on Wed, 22 Mar 2000 16:55:57 +0100 (CET)

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Re: <nettime> crush/crash

> Museums have supported this type of work, from even before the invention of
> the browser or the web. Perhaps you are not up on your history of
> telematic, network and/or net art (whatever you like to call it).

We are certainly aware of the fact that network art has it's own rich
history ... and have great respect for Roy Ascott's work.  You also have
made plain exactly the type of work that we most support when it is done
well.  We would even go back to some early radio work as having strong
enough resonances with net art to possibly qualify.  Our fear,
however,(and perhaps this stems from our proximity to Silicon Valley) is
that this type of work is being superseded by a fascination with graphic
design aesthetics and commercial striving. 

> If anything I imagine that those museum curators who have a knowledge of
> the history of these media (yes, there are a few) are feeling despondent
> about the success of the web/browser paradigm, which has managed to
> homogenise so much work. But this is part of the maturation of any medium.
> The interface that allows access to the work, and thus the nature of the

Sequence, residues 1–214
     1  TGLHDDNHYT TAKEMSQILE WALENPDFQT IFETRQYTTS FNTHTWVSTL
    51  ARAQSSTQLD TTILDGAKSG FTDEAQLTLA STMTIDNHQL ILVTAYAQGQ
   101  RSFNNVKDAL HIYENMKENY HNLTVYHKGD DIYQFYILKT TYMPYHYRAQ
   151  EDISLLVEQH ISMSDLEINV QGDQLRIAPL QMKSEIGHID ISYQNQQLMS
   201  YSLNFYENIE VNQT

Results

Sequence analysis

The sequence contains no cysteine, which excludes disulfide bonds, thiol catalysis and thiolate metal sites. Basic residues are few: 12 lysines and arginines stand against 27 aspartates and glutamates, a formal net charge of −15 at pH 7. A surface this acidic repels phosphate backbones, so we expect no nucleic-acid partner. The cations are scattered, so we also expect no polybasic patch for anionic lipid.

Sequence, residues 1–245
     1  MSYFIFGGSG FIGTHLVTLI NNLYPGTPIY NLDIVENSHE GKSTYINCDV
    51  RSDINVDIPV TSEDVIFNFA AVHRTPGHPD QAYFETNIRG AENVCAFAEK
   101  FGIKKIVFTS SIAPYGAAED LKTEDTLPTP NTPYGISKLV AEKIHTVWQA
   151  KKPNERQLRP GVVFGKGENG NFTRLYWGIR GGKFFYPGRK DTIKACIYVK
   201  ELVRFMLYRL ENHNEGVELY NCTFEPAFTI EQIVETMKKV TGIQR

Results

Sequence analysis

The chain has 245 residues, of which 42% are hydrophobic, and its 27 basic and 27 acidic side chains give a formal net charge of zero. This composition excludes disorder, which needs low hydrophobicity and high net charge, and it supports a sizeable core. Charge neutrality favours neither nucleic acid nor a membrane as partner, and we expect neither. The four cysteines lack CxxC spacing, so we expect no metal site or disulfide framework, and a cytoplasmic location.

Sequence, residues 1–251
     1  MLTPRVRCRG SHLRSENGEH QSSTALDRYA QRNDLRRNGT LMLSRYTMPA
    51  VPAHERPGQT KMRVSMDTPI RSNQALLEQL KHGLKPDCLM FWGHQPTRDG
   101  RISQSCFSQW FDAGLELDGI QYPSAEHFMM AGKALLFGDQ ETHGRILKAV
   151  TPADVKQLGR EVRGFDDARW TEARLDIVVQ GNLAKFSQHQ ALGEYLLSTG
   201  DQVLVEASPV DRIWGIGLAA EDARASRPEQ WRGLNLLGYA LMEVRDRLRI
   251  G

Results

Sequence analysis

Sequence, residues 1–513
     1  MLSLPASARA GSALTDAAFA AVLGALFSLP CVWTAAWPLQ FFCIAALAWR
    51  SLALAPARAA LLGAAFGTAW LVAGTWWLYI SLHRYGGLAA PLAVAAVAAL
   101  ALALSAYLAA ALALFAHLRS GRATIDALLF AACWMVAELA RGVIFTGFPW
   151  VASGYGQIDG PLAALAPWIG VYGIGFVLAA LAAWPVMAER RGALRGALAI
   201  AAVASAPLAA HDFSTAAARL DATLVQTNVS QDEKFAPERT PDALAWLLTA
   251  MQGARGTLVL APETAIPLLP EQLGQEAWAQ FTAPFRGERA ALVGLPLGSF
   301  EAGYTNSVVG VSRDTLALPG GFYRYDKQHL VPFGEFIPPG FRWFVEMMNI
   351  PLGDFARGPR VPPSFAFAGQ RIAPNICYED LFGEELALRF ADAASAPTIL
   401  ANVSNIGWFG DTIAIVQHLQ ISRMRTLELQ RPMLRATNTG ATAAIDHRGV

> work itself, must standardise if it is to aquire an audience. This is bad
> news for radical work.
> Reality is the radical work on the net was done at least 10 years ago. What
> we are seeing now is the emergence of a formulaic or mannerist period.

We couldn't agree with you more with regard to the bad news for radical
work.But as far as standardization of interface, we don't see where that
will stabalize any time soon.
We worry that as long as the technology continues to evolve on the
"planned obsolescence" model, network art will remain stuck in this
formulaic/mannerist period.  The fact that there seems to be a bit of a
push on the part of the museums (and we will admit to a certain localized
concern) toward work with a stronger commercial appeal concerns us. To use
a baseball metaphor as spring approaches in California:  Will art turn
into a farm system for the major league teams of commercial
design...graphic and otherwise? We wait to see what happens with the Webby
award from SFMOMA. 

I guess our larger concern is that this formalist period is fostering the
development of a generation of students who's only concept of art is
derived from the consumption of logos and advertisements.  Even if there
is good work being created with commercial aesthetics, it seems important
for there to exist some alternative. 



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